Gov’t takes Noranda to court over levy ... Wants company to pay or halt exports
Saying that it is wary of the company's ability to pay if allowed to rack up arrears on production taxes on bauxite it ships from the island, the Government of Jamaica has sought a court injunction to stop Noranda from exporting the ore. Or it should pay at the rate the Government says it is contractually obligated to, until their dispute is resolved by arbitration to be held in Bermuda.
No date has yet been set for the arbitration hearings, but a judge in the Supreme Court's commercial division is expected to hear arguments on the injunction on June 11.
Noranda yesterday accused the Government of disrupting the arbitration process by seeking a court order to halt its bauxite shipments from Jamaica until the arbitration is concluded.
"This action could be damaging to Noranda's business and the livelihood of over 700 direct and indirect employees," Noranda's VP of communication, John A. Parker, said.
In an affidavit last week, supporting Jamaica's request for the injunction by the Supreme Court's commercial division, the financial secretary, Devon Rowe, argued that Jamaica could be "severely prejudiced" in the recovery of the debt if it succeeded at the arbitration and Noranda had been allowed to export bauxite during the process and not pay the bauxite production levy at the disputed rate.
Said Rowe: "The GOJ has reason to be concerned that Noranda's financial position places the GOJ at risk of not recovering the levy that arbitrators may order Noranda to pay to the GOJ. The GOJ has brought this to Noranda's attention, but it has denied it."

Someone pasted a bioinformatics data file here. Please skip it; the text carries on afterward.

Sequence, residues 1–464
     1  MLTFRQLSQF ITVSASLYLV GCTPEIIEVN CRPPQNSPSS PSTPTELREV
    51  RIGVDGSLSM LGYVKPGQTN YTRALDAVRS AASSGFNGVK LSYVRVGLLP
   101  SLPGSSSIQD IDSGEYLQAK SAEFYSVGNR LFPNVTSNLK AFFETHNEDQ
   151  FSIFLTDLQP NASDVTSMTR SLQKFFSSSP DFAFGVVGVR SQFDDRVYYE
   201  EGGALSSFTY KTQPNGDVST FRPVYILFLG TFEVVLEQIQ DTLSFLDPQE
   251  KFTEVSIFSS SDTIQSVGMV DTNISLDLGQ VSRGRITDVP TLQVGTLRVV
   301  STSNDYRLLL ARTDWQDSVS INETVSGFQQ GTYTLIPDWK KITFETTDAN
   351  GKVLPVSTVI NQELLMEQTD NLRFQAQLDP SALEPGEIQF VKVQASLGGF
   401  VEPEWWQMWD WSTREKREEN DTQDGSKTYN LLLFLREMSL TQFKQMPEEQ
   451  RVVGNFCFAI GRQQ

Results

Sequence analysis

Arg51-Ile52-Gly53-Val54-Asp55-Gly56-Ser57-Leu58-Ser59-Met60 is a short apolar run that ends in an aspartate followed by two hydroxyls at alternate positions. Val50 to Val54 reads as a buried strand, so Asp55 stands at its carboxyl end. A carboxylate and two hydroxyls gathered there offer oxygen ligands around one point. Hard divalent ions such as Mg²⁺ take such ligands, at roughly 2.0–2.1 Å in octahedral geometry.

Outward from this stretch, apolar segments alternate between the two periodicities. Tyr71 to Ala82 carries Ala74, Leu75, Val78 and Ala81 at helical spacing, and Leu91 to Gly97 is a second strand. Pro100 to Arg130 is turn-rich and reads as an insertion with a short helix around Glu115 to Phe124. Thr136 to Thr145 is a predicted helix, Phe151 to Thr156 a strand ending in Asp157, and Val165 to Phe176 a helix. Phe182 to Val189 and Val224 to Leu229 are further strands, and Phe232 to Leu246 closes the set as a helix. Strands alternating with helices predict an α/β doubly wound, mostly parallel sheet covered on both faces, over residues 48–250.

Conversely, the Government has pledged to pay any damages that Noranda might suffer if the injunction was granted and it eventually prevails in the dispute.
Noranda Bauxite Ltd is a subsidiary of the US listed company, Noranda Aluminum Holdings, which has operational control of the entity.
The dispute is over what tax rate should apply, since January of this year, for each tonne of bauxite Noranda exports from Jamaica. The Government insists that it is the full rate of US$7.56 per tonne, but Noranda apparently argues that the US$2.52 that it paid under a concessionary regime signed in 2010 is still in force. That downward adjustment in the levy was at the time of the global economic collapse, and the Jamaican Government was in a scramble to keep its bauxite-alumina sector afloat.
Significantly, Noranda has suspended payments altogether, apparently on their interpretation of the arbitration agreement that they are entitled to do so until the issue is resolved. But one government official described the company as "acting like a bunch of cowboys".
At the Government's levy rate, assuming Noranda exports four million tonnes of bauxite, at average output in recent years, its tax obligation to the Government would be around US$30.2 million, or approximately J$3.5 billion.
If Noranda prevails, its bill would be around $1.2 billion, which would leave a significant hole in the Government's revenue that would potentially unsettle its requirement to return the primary surplus of 7.5 per cent of gross domestic product (GDP) under its economic support agreement with the International Monetary Fund (IMF).
Yesterday, Noranda told The Gleaner that it "has and continued to comply fully with the law and its agreements with GOJ".
"Noranda has chosen to exercise its rights under the Bauxite and Alumina (Special Provisions) Act to set off income taxes against levy payments. The claims set forth in the GOJ's May 28, 2015 application for an interim injunction are completely without merit," Parker said.
Financial analysts say that part of the Government's aim would be to ensure an even flow of taxes it believes it is owed, so as to give it a better chance to meet the IMF's quarterly performance targets.